Ontario Premier Kathleen Wynne together with His Highness the Aga Khan yesterday officially inaugurated the Aga Khan Park, a landscaped green space that encompasses the area between and around the Aga Khan Museum and the Ismaili Centre.
The Park, created by Lebanon-based landscape architect Vladimir Djurovic, unites two buildings designed by renowned architects: the Ismaili Centre by Indian architect Charles Correa, and the Aga Khan Museum by Fumihiko Maki of Japan. Moriyama and Teshima are the Canadian architects of record for the entire project.
During his address to the guests, the Aga Khan expressed the hope that “this park will contribute to strengthening Toronto’s already vibrant pluralism, showcasing to the world Canada’s rich example of pluralism in action.”
Based on a traditional Persian and Mughal chahar bagh (four-part garden), the formal gardens within the Park provide a place for contemplation as well as areas for public programming or private events. On July 5, this programming will officially begin with the arrival of the Pan Am Lantern.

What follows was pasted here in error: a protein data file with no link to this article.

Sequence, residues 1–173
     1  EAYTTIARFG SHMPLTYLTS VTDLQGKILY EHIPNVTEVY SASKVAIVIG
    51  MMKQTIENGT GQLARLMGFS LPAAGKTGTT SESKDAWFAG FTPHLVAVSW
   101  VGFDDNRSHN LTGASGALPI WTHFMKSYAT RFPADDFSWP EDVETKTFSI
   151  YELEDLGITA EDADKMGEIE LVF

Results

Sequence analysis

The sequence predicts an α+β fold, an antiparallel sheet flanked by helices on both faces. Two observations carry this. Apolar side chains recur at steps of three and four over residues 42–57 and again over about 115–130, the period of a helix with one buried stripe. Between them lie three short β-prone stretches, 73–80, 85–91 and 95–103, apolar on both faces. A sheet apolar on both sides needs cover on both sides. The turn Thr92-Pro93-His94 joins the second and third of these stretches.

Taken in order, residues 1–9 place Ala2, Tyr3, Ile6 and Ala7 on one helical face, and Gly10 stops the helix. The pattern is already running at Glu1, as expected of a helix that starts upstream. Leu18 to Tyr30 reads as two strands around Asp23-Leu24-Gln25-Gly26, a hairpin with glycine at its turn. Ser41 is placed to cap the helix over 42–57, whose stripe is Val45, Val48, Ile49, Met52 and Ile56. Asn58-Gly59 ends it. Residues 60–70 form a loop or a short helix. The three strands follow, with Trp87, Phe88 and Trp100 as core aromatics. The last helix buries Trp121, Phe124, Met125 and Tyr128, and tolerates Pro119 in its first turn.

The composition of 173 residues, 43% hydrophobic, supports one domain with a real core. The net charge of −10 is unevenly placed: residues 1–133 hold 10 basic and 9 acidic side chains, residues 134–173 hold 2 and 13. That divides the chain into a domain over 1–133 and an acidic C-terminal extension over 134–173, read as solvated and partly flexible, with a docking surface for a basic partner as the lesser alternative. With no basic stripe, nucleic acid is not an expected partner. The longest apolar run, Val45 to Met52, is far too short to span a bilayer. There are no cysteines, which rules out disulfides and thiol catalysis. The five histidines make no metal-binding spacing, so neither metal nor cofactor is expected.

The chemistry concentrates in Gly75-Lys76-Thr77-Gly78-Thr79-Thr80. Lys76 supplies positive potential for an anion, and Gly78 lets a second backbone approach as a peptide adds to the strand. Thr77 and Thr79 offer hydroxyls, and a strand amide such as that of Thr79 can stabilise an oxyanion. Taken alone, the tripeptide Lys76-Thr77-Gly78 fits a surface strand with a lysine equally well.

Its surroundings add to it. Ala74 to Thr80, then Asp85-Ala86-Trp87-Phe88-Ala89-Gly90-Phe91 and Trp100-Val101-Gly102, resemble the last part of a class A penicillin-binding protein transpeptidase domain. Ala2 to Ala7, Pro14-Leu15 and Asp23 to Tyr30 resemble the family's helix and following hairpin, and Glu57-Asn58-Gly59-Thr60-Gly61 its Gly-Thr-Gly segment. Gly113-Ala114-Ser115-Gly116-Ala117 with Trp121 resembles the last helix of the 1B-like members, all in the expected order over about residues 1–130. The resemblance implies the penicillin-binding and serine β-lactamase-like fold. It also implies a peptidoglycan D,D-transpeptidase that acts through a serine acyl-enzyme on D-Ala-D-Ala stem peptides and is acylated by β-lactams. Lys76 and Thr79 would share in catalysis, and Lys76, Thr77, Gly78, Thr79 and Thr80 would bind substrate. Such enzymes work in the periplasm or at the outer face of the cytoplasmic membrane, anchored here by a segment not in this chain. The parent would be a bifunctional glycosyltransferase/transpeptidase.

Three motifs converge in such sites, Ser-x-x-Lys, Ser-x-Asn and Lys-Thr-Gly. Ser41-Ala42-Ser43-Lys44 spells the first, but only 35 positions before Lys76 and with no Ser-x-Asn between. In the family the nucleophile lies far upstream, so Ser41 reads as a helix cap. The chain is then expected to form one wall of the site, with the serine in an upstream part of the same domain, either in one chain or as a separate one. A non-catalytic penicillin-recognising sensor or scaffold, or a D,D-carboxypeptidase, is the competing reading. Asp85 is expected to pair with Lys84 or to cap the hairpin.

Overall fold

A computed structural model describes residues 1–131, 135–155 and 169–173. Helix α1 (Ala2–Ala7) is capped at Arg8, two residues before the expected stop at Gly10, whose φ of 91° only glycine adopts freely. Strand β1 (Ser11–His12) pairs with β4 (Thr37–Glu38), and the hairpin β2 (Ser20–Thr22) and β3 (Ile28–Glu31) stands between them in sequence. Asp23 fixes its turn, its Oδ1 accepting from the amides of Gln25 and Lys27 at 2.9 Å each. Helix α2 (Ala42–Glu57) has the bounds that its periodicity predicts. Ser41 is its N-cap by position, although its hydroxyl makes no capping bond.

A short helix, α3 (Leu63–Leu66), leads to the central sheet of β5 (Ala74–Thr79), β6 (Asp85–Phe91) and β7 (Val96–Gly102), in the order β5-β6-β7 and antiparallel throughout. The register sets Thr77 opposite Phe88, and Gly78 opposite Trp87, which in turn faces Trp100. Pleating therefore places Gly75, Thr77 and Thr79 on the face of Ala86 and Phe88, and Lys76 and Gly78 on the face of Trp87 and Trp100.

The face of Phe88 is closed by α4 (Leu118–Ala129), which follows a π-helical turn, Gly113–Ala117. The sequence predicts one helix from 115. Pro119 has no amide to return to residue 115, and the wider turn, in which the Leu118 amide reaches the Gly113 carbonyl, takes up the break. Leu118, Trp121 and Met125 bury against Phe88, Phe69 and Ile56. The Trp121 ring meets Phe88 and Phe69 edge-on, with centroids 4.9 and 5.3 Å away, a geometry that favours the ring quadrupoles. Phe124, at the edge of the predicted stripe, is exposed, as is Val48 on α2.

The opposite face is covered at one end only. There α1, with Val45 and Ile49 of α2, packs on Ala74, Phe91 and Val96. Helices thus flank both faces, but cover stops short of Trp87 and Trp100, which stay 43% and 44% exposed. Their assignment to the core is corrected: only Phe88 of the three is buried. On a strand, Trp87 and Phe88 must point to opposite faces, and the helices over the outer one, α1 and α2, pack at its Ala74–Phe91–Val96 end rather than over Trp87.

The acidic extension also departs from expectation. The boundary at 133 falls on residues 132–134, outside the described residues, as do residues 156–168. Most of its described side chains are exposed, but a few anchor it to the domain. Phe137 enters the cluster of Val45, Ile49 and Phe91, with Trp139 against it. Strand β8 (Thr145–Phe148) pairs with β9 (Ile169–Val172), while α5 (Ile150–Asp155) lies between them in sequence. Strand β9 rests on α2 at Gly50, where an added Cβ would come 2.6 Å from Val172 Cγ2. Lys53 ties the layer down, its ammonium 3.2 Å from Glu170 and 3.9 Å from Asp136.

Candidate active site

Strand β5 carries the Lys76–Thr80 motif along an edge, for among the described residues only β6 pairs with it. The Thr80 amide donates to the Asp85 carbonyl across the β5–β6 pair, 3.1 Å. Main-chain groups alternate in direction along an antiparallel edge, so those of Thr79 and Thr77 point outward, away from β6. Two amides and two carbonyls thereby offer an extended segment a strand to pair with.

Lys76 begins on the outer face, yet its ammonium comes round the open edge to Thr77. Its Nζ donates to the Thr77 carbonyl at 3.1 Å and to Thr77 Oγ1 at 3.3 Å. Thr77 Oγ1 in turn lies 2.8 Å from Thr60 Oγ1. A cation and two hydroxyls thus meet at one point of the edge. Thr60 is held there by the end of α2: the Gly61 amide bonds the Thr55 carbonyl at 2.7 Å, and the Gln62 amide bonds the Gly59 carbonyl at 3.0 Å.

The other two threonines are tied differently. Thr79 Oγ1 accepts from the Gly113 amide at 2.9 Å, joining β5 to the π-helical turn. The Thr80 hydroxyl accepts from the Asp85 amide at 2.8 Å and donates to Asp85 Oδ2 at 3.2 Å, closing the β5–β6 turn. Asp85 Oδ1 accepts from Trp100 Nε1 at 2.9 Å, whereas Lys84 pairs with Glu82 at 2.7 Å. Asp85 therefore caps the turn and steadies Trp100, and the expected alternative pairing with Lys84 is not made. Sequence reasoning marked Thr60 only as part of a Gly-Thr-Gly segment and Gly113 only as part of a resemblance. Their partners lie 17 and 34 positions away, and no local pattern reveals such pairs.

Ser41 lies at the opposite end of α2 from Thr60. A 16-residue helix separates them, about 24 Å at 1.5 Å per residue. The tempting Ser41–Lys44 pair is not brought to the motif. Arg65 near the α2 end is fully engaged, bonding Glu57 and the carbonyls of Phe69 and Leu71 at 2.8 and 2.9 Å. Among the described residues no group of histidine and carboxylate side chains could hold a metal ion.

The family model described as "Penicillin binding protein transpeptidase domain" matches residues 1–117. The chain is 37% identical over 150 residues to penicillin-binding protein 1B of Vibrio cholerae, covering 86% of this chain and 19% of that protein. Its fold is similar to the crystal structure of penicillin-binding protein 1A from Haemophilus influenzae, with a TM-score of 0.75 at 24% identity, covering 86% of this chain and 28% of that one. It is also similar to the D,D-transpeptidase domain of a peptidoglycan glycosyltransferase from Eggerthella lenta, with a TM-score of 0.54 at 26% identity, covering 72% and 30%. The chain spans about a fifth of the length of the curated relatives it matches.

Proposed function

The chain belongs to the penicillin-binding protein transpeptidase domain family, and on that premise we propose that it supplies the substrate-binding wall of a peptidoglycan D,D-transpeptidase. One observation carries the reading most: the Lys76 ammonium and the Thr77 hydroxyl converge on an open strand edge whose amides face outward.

These three projects are an initiative of the Aga Khan, the 49th hereditary Imam of the Shia Ismaili Muslims and founder and Chairman of the Aga Khan Development Network, and join other Centres in London, Vancouver, Lisbon, Dubai, and Dushanbe.
Earlier in the day at Queen’s Park, His Highness the Aga Khan and Premier Wynne signed an agreement between the Ismaili Imamat and the Province of Ontario that sets a blueprint for cooperation in a number of areas, including culture and education.